I don’t want the iPhone Plus because I want a Samsung Galaxy S4 that runs iOS, I want an iPhone Plus because it will be a game changer designed by Apple that makes the Galaxy S4 look silly in comparison.

          1. I don’t know about “know one” but millions will buy a larger iPhone. The article is correct, it doesn’t need to phablet just a larger iPhone. A well written and intelligent article. Also remember, current statistics on larger phones are not iPhones. So in the end, they are irrelevant. And misleading. Yet often quoted. And absolutely no one wants a smaller iPhone the size of a watch face, belt buckle, brooch or Star Trek communicator. Know one!

          2. Ah yes, the iPad mini naysayers. I remember it like it was just yesterday. I never understood their attempt at knocking what was obviously sure to come? It was almost like it was personal. As though just because competitors had a smaller tablet Apple couldn’t dare do the same thing. Sorry, I never get the fanboy thing. It’s the same thing with a larger iPhone. Samsung makes one so Apple can’t dare make a larger iPhone. How ridiculous. When, not if, Apple makes a larger iPhone it will sell like hotcakes because it’s an iPhone. And it’s larger. Funny how those iPad mini naysayers are still here but never admit that they are wrong.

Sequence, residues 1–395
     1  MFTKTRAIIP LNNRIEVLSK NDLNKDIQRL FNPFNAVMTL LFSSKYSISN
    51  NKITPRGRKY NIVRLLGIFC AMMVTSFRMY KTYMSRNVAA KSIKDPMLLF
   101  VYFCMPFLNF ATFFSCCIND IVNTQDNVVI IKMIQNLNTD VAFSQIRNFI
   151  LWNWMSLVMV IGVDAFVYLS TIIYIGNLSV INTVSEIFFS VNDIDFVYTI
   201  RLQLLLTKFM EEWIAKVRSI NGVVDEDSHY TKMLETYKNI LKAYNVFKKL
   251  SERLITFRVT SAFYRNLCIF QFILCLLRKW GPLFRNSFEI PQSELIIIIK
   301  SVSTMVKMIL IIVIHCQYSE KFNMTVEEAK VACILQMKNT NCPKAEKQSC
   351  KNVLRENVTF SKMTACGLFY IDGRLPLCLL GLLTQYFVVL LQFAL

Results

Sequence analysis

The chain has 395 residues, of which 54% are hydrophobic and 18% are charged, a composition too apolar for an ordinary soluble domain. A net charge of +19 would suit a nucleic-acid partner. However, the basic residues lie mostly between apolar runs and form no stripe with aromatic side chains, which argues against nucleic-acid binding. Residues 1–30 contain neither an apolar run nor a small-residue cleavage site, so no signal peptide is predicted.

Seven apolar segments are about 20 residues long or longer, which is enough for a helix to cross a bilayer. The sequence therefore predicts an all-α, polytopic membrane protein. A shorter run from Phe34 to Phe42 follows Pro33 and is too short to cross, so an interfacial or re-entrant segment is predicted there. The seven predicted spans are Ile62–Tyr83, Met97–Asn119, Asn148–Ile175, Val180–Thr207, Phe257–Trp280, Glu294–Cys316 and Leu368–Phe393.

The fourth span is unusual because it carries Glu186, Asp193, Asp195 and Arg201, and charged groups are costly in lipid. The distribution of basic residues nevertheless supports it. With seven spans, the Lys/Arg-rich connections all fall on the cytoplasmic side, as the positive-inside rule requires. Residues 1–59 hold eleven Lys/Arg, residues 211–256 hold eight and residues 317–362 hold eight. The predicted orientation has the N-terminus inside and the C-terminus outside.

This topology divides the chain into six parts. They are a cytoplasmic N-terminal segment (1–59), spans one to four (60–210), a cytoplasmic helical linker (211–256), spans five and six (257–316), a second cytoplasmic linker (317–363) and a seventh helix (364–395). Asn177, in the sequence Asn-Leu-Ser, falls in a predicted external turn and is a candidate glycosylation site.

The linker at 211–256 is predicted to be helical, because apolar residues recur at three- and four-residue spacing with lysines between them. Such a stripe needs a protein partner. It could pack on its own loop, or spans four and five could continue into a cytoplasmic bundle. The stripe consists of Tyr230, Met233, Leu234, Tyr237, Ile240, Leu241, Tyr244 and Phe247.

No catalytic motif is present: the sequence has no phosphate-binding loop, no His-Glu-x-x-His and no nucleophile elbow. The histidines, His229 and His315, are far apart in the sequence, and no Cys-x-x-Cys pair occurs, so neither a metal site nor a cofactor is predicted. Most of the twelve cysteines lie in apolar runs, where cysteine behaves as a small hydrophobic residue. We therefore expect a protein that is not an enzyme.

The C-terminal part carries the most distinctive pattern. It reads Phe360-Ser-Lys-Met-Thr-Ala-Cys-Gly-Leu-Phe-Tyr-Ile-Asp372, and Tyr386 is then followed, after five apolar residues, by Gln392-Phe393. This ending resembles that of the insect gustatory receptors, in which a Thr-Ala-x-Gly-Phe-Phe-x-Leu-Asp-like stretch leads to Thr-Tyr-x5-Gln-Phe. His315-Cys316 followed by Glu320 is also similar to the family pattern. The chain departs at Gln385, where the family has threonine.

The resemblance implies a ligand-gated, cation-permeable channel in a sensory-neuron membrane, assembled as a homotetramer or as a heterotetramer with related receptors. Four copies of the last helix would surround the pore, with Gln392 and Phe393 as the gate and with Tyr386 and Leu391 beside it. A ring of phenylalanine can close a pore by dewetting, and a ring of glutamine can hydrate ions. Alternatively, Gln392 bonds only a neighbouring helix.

7. I’m rather fond of my iPhone 5. It fits in my shirt pocket, doesn’t weigh much and feels like a quality piece of engineering. The screen display is superb.

    Back in the day, Motorola made a name for itself by humiliating the clunky cell phone competition with sleek, lightweight offerings that fit in a shirt pocket. I don’t get the clamor for a bulky, five-inch phone. It seems so retro.

  8. “You don’t need that” is never a valid argument not to serve a market segment. Maybe the phat phone is well outside mainstream, but obviously there’s profits in the segment. And lets think about market share from another context:

    4 % — wasn’t that long ago when this was the Mac computer market share. I don’t recall any Mac users calling themselves insignificant back then. Now afterJobs doubled that market share with the iMac and several generations of MacBooks, Cook has lost Mac market share growth momentum, and he’s slowly losing IPhone market share. All Cook can claim, really, is that he’s really good at watch Jobs’ iTunes store print money. Cook certainly hasn’t done squat to improve it.

    Apple needs to do something to stop losing ground to iOS competitors, pronto. Market share matters to the long term health of the company, and Cook is losing it.